The Morning After 9-11-2001: 18 Years Later, a Retrospective Meditation

Friends Of Padre Steve’s World,

I am thinking about the morning after the attacks of 9-11-2001 and how much my perspective has changed since those attacks. On Wednesday 9-12-2001 I was sleeping in my office on a cot and sleeping bag at Camp LeJeune, NC. In fact every Marine and Sailor assigned at Camp LeJeune was doing the same thing unless they were on leave out of the area and couldn’t get back.

The base was closed to visitors, internal road blocks on the base were set up, roving patrols and outposts covered any conceivable entrance to the base, by land or water. Combat air patrols out of MCAS Cherry Point flew overhead while Navy Guided Missile Cruisers and Destroyers patrolled off the coast. The base was locked down for four days. We had little information of what was happening, except what we could get on television. Our own intelligence didn’t have much more, but we all knew that we were going to war.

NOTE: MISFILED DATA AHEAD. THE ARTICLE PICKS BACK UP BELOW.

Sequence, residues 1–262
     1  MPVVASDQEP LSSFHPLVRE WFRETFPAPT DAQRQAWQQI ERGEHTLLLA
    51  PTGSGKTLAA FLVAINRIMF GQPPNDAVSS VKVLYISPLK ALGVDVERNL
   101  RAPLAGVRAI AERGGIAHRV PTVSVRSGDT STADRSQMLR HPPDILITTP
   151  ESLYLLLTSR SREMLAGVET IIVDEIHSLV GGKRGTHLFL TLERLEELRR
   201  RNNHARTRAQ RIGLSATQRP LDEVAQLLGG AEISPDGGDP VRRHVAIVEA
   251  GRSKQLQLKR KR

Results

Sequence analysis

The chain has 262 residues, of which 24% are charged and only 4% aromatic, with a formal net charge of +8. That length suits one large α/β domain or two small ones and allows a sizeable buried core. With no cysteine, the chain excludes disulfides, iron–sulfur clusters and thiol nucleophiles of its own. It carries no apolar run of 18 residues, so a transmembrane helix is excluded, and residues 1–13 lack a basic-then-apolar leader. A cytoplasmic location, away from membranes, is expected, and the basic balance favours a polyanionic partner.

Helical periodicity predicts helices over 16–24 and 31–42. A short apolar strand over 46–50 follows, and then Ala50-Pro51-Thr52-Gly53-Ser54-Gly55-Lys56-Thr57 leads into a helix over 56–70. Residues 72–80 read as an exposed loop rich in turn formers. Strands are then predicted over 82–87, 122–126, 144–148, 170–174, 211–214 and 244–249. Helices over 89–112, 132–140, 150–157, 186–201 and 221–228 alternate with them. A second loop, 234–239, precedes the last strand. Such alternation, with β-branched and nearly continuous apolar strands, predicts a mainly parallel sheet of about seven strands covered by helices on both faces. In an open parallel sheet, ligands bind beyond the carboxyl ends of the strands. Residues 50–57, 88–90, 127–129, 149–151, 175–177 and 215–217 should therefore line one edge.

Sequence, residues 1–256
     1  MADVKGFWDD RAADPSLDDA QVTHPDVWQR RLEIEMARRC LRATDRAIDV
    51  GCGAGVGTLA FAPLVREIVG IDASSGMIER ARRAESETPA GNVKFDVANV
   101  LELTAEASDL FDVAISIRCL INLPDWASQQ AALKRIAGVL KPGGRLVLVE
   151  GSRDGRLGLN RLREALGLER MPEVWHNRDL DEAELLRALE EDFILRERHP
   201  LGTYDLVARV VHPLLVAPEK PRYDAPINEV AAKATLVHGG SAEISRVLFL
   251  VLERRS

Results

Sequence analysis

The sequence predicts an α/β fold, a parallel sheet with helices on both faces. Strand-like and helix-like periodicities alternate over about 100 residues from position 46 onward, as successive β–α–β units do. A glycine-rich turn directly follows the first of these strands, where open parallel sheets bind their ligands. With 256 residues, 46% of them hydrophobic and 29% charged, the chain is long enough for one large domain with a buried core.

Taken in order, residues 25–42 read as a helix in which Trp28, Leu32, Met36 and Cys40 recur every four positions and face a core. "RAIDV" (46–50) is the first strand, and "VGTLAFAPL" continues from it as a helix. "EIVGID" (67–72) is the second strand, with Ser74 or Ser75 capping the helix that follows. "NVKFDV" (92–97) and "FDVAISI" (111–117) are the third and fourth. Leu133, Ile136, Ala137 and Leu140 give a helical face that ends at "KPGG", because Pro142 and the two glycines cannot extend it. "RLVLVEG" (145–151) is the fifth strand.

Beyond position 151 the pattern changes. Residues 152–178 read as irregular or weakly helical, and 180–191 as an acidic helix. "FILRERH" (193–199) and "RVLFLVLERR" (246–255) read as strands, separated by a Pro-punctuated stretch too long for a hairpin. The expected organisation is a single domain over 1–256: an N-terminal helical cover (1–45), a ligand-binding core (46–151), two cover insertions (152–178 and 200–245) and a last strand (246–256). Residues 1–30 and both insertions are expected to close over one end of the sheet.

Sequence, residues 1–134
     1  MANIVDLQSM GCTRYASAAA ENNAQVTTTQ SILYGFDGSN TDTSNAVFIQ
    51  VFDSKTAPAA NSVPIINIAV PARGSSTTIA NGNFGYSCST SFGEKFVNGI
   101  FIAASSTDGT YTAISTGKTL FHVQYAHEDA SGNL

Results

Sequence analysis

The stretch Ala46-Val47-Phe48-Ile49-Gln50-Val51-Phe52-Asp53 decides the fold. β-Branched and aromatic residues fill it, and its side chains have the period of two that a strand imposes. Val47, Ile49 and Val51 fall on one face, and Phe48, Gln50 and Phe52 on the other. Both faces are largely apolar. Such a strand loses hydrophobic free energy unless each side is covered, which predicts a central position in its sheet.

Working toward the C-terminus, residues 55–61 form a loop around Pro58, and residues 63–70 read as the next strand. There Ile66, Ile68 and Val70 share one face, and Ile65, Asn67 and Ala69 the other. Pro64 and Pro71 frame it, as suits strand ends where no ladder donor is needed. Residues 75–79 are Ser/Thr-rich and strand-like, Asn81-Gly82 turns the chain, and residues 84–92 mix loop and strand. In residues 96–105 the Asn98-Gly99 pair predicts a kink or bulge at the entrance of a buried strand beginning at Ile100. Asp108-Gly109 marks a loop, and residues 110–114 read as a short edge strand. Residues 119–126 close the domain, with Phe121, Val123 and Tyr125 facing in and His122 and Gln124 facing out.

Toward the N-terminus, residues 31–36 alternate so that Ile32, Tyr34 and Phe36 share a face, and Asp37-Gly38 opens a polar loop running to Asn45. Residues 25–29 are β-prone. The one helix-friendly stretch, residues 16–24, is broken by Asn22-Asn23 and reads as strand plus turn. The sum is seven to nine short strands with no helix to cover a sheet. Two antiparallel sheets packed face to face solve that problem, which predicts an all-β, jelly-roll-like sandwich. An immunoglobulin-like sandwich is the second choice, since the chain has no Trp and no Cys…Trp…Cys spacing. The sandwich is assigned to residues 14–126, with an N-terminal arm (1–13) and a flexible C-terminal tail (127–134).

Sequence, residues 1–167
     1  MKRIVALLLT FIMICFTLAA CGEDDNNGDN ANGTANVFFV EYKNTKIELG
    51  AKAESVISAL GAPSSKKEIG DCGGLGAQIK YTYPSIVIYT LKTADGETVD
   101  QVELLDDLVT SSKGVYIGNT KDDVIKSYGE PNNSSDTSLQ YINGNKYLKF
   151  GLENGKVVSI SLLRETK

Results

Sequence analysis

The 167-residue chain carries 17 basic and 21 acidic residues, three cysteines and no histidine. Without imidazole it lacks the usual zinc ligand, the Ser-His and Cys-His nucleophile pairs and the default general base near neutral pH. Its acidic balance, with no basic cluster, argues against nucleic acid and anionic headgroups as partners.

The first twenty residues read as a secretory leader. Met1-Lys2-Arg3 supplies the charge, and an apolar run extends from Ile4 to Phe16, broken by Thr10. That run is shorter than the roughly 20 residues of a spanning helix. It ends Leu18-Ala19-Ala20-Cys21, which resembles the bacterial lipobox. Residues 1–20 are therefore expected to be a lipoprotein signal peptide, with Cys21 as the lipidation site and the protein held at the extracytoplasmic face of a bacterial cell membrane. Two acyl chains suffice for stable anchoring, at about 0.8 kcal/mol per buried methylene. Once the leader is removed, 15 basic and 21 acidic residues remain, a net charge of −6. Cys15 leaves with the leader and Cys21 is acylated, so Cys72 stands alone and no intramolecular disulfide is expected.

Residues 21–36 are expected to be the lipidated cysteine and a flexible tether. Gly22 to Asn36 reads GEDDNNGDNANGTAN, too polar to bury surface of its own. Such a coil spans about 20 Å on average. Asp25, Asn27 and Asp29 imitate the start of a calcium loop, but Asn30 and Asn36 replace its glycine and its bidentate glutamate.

Within the month we knew that it would be in Afghanistan. Army Special Forces, Rangers, Units of the 82nd Airborne as well as Navy SEALS, a Marine Expeditionary Unit, and CIA operators working with the Afghan warlords of the Northern Alliance quickly drove the Taliban from power and Osama Bin Laden and his Al Qaeda operatives into hiding at Tora Bora.

But the roots of this tragedy were decades in the making. In the 1960s and early 1970s, Afghanistan was one of the most progressive nations in the Islamic World. It was a haven and destination for the hippies in the 1960s and 1970s. Then, in a Cold War maneuver, the Soviets helped the Afghan Communist Party gain power in a coup against the monarchy.  The reaction of the Taliban and other religious conservatives ignited a civil war in which the Soviets sent in hundreds of thousands of combat troops to prop up the Communist government, while the United States supported the Taliban, whose leaders were supported and personally met with President Ronald Reagan, and equated to our Founding Father’s.